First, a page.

I have known many managers over the years who, despite working with clear guidelines, were unable to work efficiently because they simply did not delegate enough. And when they did, they often distributed their tasks to the wrong people, resulting in their having to step in later on and pick up the pieces. The worst part is that many of these reluctant delelgatory managers had a relatively high level of employee turnover. And that is a crime, especially in times when resources are hard to come by.
This phenomenon is not only traced back to delegation itself but also, too often, to the recruitment process. Presumably at the interview everyone was happy and looking forward to the future. The manager believed that the new hire sitting before them would succeed where his or her predecessors had failed. The new employee may have thought that this was the turning point where their career was really going to take off. So what went wrong?
Anyone who has kept chickens knows that as long as you feed and water them, they will dutifully lay an egg five or six days a week for the first couple of years. At any time they have up to seven eggs at various stages of development inside them, so if you upset a chicken on Wednesday, you’ll have no egg on the following Tuesday!
I keep chickens in my garden. I have the deepest respect for them as indeed I try to have for all God’s creatures (with the possible exception of wasps). But I wouldn’t consider hiring a chicken to solve my customer’s problems. I might, however, appoint a chicken as a train driver to ensure I get to the office on time every morning. With all due respect to train drivers, the point about their profession is that it requires discipline. If they don’t get to work on time , a whole trainload of passengers won’t either. Once on the train, their work environment is rigid; they can’t choose their destination or even their track. But driving the train requires excellent concentration on a task that can be very monotonous, and they have no co-pilot or a friendly stewardess to bring them coffee. Thus a train driver needs a set of skills and personality traits that many people do not have.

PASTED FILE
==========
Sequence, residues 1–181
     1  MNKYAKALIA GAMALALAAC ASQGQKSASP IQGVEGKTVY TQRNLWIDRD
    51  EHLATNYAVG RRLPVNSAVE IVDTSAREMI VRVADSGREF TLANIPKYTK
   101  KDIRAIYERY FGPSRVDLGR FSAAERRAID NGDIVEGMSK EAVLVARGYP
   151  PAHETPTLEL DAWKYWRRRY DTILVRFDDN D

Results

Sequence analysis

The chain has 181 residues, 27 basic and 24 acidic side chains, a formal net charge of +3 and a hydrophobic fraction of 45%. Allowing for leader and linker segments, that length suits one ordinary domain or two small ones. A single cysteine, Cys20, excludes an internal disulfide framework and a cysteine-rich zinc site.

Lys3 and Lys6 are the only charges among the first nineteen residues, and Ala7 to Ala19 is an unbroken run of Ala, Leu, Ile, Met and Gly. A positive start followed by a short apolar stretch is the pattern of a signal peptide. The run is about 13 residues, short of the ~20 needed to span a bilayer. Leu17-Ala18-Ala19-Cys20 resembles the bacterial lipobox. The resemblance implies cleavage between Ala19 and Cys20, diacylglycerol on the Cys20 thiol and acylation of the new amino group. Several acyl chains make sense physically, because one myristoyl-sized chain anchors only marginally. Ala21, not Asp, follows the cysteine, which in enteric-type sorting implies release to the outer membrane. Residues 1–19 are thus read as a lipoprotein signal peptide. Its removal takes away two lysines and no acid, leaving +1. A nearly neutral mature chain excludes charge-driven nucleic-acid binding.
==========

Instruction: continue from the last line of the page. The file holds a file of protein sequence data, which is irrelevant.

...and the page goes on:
In your project or business, if you need a train driver type of person, you have to make sure not to recruit someone who loves to interact with people and prefers to work in a flexible environment. They might keep it up for a time with the necessary level of motivation and commitment, but at some point they will snap, leaving your train stranded miles from the nearest station.
On the other hand, if you need someone who is creative, who can think on their feet, adapt very quickly and is ready to accept change at short notice, then you won’t want a train driver or post office worker.
There are two common errors in interviewing and negotiation: Firstly, not asking the right questions, and secondly not listening to the answers. You will be astonished how often interviewers forget to ask even the most obvious questions. For this reason, learning to ask even the basic questions such as ‘ what are your real expectations from this job, and, what are your career hopes for the future’? is extremely important – they can give you an indication as to where the candidate is going and whether that might fit within your plans. I always make a list of the questions that I believe need to be asked, and I use it as a guide if the interview gets stuck.
If you ask the right questions, then you at least stand a chance of obtaining the information you require. I have met many too many people who know how to ask all the right questions, but who only actually listen to the answers they want to hear.
Of course the interviewee is going to say whatever they think you want to hear, but by creating the right environment and with the right kind of questioning, you should be able to find out if your interviewee’s agenda is different from your own. If there is no synergy then say so right away, don’t assume you will be able to pull them around. This advice applies more broadly than just to employees and partners; it covers all aspects of business life, such as negotiating deals and prospecting for new clients. It has become an overused expression, but looking for ‘win win’ situations is the best thing to do. Agendas may differ, but if the goal is shared and the proper synergy is in place to make it happen, then go for it.
The unwanted loss of an employee or team member is one of the biggest ‘avoidable’ issues you can have.